Embedding Google Data Studio into RMarkdown

Adding Google Data Studio Dashboards to RMarkdown

This week I learnt you can take Google Data Studio reports and, via their embed feature, paste them straight into an RMarkdown HTML document.

This is cool as you can then combine the strengths of both for client reports or similar.

Data Studio is a free online solution, that I have found to be very quick to get something decent looking. It also has excellent connectors to data sources that can be difficult to get access to otherwise, such as DoubleClick. I often use it when working with BigQuery by linking via its BigQuery connector (takes 10 seconds) and then plotting to examine the data trends.

However, Data Studio isn’t suitable for more advanced analysis or custom visualisations, so the fact you can put them in RMarkdown documents means you can then combine its reports alongside more in-depth analysis within R, side by side with advanced R plotting such as ggplot2, htmlwidgets or plot.ly. RMarkdown excels as a way to document your analysis steps, and I often use it as a way to keep a working document I can check into GitHub that contains all the SQL, code and assumptions of an analysis.

How to add Data Studio to RMarkdown

First create your Data Studio report, then select the “Embed” option top right of Google Data Studio:

Then you can paste in that code straight in an .Rmd document, like I did with this blog (which runs on RMarkdown via Hugo):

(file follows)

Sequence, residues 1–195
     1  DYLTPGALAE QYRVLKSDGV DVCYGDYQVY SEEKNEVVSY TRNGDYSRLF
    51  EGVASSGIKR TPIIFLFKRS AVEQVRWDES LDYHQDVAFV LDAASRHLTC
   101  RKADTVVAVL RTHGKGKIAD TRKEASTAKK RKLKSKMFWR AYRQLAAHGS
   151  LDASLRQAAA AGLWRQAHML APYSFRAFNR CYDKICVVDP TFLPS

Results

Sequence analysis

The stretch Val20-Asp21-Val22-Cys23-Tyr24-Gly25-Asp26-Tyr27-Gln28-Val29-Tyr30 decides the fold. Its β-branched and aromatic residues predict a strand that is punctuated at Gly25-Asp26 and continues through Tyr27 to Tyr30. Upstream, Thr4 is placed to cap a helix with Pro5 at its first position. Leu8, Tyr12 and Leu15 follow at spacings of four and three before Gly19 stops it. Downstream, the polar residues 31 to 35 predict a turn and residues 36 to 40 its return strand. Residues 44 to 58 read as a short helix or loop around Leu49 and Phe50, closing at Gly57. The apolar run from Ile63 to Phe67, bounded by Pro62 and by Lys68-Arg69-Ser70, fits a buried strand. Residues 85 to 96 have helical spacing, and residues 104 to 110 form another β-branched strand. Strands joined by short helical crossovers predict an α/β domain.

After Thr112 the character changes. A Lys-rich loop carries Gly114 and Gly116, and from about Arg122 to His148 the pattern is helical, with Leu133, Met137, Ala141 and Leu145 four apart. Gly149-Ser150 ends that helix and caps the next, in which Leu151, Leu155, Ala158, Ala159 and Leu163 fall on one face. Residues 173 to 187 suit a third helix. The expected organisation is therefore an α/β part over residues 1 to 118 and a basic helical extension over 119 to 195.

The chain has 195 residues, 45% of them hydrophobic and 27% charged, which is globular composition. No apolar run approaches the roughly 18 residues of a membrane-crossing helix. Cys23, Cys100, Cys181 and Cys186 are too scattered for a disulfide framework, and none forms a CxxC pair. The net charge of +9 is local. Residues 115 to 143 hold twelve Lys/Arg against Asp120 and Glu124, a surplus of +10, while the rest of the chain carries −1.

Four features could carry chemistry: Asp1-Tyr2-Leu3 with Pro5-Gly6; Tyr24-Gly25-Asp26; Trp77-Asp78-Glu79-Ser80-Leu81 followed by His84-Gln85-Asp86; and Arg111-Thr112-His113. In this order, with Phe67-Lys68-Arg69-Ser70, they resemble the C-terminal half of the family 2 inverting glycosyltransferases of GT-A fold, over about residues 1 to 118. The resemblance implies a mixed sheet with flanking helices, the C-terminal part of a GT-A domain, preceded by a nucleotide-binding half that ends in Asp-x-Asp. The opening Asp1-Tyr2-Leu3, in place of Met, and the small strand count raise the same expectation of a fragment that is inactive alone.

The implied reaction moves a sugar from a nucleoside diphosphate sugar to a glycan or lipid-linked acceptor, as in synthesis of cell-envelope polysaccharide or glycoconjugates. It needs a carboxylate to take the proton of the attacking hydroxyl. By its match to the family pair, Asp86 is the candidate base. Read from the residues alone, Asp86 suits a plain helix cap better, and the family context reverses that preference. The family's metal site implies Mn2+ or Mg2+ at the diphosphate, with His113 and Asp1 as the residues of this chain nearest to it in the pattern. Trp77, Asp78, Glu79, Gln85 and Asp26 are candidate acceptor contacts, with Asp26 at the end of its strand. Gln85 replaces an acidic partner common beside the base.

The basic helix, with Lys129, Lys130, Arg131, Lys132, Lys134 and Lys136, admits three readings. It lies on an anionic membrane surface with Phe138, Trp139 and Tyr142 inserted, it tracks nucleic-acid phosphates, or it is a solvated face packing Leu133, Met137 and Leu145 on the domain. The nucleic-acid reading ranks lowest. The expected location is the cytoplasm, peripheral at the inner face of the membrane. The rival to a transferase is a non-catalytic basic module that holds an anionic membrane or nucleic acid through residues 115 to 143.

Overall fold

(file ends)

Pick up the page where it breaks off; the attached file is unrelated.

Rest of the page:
<iframe width="600" height="500" 
src="https://datastudio.google.com/embed/reporting/1q8dO3-IuGU-YXbgTiW6mchvKCg_kRZ9Y/page/wN5O" 
frameborder="0" 
style="border:0" allowfullscreen></iframe>

Above I put in backticks to demo the code I pasted in, but you don’t need to do that - below is result of the code pasted in as is into the .Rmd doc

Tweak the width and height so it fits your layout - I set the height and width of the Data Studio dashboard to the same as the iframe to avoid the scroll bars appearing.

For standalone .Rmd documents, 800 pixel width looks best, but this blog is narrower so I went for 600 pixel width.

Private Data Studio reports

The above report is shared publically on the web, but you can do the same with private Data Studio reports.

Follow the same procedure, but only share privately in your Sharing settings - only people who have private access to this report will see it, others will get the This Data Studio report is private message.

e.g. You see this:

…but I see this:

The authentication works in the same browser you are logged in with Google, since that is shared with a Google login cookie - e.g. if you are logged into Google Analytics in the same browser, you should see it. This means however you won’t see it work if viewing in the RStudio View panel.

Summary

If you are in the R world and maybe have not come across Google Data Studio, this may be helpful as another option for visualisation. Its main strengths are that it is free, is quick to get to visualisations, has powerful filter controls and lots of nice API connectors (including user made community connectors that connect to stuff like Facebook, Bing, LinkedIn etc.) although if you want to do more complex custom visuals you will find it not as fully tweakable as a paid for solution such as Tableau or Qlikview.

If you are in the Digital Marketing world you probably already know Data Studio, but perhaps knowing you have the ability to embed Data Studio into RMarkdown provides you with a quick way to combine existing reports with the more advanced data analysis and visuals that R can provide.

There is to my knowledge no way to connect the two (e.g. change a filter in Data Studio and it affects the R visuals) but that would be cool, if anyone figures out a way to do that let me know!

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